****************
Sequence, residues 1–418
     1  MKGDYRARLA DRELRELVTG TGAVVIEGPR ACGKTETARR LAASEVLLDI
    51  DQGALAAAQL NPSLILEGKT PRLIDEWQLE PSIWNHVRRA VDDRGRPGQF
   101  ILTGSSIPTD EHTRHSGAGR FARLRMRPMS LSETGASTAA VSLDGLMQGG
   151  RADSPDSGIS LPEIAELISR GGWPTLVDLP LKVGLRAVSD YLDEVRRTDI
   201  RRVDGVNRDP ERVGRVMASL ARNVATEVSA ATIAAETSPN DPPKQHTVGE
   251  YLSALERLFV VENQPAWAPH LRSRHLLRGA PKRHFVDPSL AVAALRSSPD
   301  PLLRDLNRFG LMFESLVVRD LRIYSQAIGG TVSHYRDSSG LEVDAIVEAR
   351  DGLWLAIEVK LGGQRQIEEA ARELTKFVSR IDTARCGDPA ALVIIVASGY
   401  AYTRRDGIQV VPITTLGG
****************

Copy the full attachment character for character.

Sequence, residues 1–418
     1  MKGDYRARLA DRELRELVTG TGAVVIEGPR ACGKTETARR LAASEVLLDI
    51  DQGALAAAQL NPSLILEGKT PRLIDEWQLE PSIWNHVRRA VDDRGRPGQF
   101  ILTGSSIPTD EHTRHSGAGR FARLRMRPMS LSETGASTAA VSLDGLMQGG
   151  RADSPDSGIS LPEIAELISR GGWPTLVDLP LKVGLRAVSD YLDEVRRTDI
   201  RRVDGVNRDP ERVGRVMASL ARNVATEVSA ATIAAETSPN DPPKQHTVGE
   251  YLSALERLFV VENQPAWAPH LRSRHLLRGA PKRHFVDPSL AVAALRSSPD
   301  PLLRDLNRFG LMFESLVVRD LRIYSQAIGG TVSHYRDSSG LEVDAIVEAR
   351  DGLWLAIEVK LGGQRQIEEA ARELTKFVSR IDTARCGDPA ALVIIVASGY
   401  AYTRRDGIQV VPITTLGG